Judge Frans Kgomo is expected to hand down his ruling on Thursday on whether Brett Kebble murder accused Glenn Agliotti has a case to answer.
Last week, Agliotti’s legal team led by advocate Laurance Hodes SC argued for a discharge of the charges in terms of Section 174 of the Criminal Procedures Act.
This was once the state wrapped up its case after calling 13 witnesses from a list of about 50. Section 174 of the Act states that if, at the close the prosecution’s case, there is no evidence the accused committed the offence, he could be acquitted.
Over five years after the 2005 shooting of the mining magnate, Agliotti is at a cross-roads — if Kgomo rules in his favour, he will be free of the charges haunting him since his arrest in 2006.
Should Kgomo slap down the discharge application, the defence has two options: Hodes could call Agliotti to the witness-box to lead evidence and lead other witnesses or he could opt not to call any further witnesses and close the matter.
Fate left in Kgomo’s hands
If the defence chose the latter option, both the state and the defence would then deliver their closing arguments, on the merits of the case, leaving the matter in Kgomo’s hands to decide on Agliotti’s guilt or innocence.
Arguing for the discharge earlier this month Hodes rubbished the testimony of the state’s key witness, security boss Clinton Nassif.
This was in response to the state’s contention that Nassif was not “cracked” under cross examination on the key aspect of Agliotti’s involvement in committing the crimes for which he was facing charges.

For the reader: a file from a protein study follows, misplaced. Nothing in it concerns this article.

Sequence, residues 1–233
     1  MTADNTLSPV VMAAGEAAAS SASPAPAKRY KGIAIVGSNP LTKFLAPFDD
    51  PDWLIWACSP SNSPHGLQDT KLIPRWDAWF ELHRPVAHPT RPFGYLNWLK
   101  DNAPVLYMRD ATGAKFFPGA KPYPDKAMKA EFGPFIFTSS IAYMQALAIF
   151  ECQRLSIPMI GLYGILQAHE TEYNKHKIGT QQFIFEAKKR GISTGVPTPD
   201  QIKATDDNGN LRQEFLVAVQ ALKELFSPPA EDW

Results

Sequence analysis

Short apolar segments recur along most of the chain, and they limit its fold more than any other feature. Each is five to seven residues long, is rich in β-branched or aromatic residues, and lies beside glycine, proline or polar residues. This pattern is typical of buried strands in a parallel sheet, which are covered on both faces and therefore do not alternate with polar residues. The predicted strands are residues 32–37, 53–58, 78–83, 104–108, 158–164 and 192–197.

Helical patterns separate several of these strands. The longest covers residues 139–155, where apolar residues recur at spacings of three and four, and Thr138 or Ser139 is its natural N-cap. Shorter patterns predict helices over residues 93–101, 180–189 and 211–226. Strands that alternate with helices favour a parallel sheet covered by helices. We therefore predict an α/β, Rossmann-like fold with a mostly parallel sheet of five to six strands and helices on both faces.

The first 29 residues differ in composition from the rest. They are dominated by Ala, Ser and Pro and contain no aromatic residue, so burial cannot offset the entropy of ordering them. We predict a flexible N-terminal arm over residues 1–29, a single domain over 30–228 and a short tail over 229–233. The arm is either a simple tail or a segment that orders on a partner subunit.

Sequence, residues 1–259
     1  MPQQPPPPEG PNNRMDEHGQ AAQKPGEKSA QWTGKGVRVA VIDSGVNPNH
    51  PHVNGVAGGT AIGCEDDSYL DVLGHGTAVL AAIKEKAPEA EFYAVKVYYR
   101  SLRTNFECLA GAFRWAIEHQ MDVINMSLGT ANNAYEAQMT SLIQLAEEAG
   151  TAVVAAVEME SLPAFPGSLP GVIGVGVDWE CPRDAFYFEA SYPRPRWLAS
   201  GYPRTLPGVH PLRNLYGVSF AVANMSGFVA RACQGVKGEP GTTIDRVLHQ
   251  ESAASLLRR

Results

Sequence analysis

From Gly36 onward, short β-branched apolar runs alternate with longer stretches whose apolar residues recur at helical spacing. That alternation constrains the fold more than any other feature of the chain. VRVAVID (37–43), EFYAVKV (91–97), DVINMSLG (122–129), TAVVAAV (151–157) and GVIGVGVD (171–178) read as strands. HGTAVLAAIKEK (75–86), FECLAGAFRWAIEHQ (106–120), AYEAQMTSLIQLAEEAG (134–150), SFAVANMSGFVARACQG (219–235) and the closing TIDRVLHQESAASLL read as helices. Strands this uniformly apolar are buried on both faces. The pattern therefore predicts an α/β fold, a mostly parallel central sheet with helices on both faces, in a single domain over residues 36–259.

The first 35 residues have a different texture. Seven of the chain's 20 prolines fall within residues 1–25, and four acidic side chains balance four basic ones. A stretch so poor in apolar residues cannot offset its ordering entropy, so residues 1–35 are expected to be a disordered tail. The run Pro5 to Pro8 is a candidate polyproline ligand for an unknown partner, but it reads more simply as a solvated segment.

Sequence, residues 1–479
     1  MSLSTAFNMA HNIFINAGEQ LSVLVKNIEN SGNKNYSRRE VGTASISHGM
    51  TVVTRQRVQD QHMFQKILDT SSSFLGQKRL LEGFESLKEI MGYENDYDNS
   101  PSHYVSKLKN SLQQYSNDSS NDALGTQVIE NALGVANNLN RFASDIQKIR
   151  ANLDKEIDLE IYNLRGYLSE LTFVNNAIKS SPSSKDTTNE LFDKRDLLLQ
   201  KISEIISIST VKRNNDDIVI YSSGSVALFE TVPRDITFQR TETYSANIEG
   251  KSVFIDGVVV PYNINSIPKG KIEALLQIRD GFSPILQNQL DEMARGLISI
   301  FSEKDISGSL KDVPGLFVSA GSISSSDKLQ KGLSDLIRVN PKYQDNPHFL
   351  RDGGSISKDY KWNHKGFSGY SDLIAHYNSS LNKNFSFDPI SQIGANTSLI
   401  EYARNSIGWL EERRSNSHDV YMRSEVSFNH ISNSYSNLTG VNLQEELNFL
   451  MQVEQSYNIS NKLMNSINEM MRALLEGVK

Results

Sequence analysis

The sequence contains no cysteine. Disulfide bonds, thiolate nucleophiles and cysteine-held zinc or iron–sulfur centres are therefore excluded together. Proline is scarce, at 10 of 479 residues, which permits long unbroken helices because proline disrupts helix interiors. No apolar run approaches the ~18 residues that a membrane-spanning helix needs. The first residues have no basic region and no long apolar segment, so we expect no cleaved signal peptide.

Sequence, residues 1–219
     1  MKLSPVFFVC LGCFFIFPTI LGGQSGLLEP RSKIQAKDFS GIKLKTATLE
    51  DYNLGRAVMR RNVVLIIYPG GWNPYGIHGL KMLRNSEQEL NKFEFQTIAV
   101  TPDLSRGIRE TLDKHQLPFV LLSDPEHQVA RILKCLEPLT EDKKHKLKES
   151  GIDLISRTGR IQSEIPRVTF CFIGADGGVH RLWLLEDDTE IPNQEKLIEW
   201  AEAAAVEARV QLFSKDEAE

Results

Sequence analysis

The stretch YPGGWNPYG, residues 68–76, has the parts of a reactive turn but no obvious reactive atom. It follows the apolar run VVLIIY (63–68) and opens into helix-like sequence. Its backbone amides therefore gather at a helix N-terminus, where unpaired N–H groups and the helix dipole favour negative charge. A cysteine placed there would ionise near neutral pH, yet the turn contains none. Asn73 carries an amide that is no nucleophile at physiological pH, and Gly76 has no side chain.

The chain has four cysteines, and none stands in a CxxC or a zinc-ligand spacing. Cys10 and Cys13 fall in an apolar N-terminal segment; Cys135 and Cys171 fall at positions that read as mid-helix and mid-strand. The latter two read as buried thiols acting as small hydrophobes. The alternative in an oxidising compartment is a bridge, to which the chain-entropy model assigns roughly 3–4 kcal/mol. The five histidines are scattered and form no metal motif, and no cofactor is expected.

“You crack something fragile like an egg. This witness wasn’t cracked, he was annihilated. He was obliterated,” Hodes said.
He further submitted that the “wrong man was in the wrong box”, meaning Agliotti’s should be in the witness-box, with Nassif in the dock.
The state, however, led by deputy director of public prosecutions in Gauteng, advocate Dan Dakana, maintained that Agliotti played a role in the Kebble slaying.
He contended that despite some “contradictions” in the evidence from the witnesses the state led, there was “some corroboration”.
‘Chain of command’
Dakana told the court that payment for the shooting was to come from Agliotti and that Agliotti was present when the “assisted suicide” was discussed.
He told the court that the evidence showed Agliotti had a place in the “chain of command” between Kebble, his business partner John Stratton and Nassif.
Agliotti is facing four charges — two of conspiracy to commit murder, one count of attempted murder and another of murder.
The murder charge relates to the Kebble shooting in Melrose, north of Johannesburg.
One conspiracy charge relates to the plot to kill Allan Gray auditor Stephen Mildenhall, Jean Daniel Nortier, Dr Mark Bristow and Mark Wellesley Woods. The other is for planning to kill Kebble.
The attempted murder charge relates to the shooting of Mildenhall in Cape Town in August 2005.
Kgomo is expected to deliver his ruling on Thursday at 10am. — Sapa